Illinois Marijuana Legalization Bills Get Hearing. A joint House-Senate appropriations committee heard starkly differing testimony from drug policy experts and law enforcement officials at a hearing on legalization bills Wednesday. Police and prosecutors worried about youth use, driving under the influence, and discredited gateway theories, while experts said legalization would allow a widely used substance to be regulated.

Vermont Governor Forms Marijuana Advisory Commission, Would Put Legalization Two Years Down the Road. Gov. Phil Scott (R) signed an executive order Thursday creating the Governor's Marijuana Advisory Commission to study issue around marijuana legalization. Earlier this year, Scott vetoed a legalization bill that reached his desk, citing public safety concerns. Although legislators amended the bill to win his signature, legislative Republicans blocked a vote on the amended bill during a special session. Scott envisions the advisory commission coming up with a final report by December 2018, setting the state for the legislature to act in 2019, but there are signs legislators may not want to wait.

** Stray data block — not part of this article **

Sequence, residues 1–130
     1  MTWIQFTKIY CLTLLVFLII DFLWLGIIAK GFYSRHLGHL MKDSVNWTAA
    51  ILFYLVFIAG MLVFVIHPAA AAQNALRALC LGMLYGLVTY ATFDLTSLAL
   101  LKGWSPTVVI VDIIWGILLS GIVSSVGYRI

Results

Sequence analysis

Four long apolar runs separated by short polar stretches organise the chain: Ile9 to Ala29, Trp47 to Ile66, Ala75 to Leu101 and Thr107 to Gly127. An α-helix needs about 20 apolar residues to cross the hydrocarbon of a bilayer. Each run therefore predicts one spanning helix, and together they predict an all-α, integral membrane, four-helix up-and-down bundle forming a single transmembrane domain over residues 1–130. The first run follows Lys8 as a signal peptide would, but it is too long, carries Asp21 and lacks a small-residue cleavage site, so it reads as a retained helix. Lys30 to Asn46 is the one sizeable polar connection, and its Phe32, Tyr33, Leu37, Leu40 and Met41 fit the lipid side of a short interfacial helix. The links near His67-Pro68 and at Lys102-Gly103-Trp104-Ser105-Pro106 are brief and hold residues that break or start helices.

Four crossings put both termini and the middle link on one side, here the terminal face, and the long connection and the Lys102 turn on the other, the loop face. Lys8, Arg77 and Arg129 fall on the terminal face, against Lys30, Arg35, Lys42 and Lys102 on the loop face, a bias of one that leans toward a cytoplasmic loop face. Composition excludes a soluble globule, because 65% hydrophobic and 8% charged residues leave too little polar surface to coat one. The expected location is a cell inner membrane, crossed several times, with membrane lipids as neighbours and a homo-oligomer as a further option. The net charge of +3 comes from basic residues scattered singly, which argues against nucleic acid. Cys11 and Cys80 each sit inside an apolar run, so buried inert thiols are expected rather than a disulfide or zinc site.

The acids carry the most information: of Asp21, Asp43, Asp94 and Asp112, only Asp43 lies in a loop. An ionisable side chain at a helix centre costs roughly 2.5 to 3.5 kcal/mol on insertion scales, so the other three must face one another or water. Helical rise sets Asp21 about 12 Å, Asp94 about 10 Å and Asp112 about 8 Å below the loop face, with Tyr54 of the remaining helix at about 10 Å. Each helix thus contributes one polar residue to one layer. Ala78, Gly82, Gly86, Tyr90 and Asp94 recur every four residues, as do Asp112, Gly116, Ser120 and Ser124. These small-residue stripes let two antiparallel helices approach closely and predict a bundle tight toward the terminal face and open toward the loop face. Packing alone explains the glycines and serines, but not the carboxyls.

Manhattan DA Lessens Pot Penalties in Bid to Avoid Immigrant Deportations. Manhattan District Attorney Cy Vance has issued new plea guidelines for small-time pot possession cases that would help protect immigrants from being deported for criminal offenses, no matter how minor. The prosecutor's office has a deferred adjudication program in place that drops charges if the defendant is not arrested again within 12 months, but now Vance has reduced that period to three months for a first offense and six months for a second offense. Vance's office estimates this will end criminal prosecutions for nearly 20,000 people each year.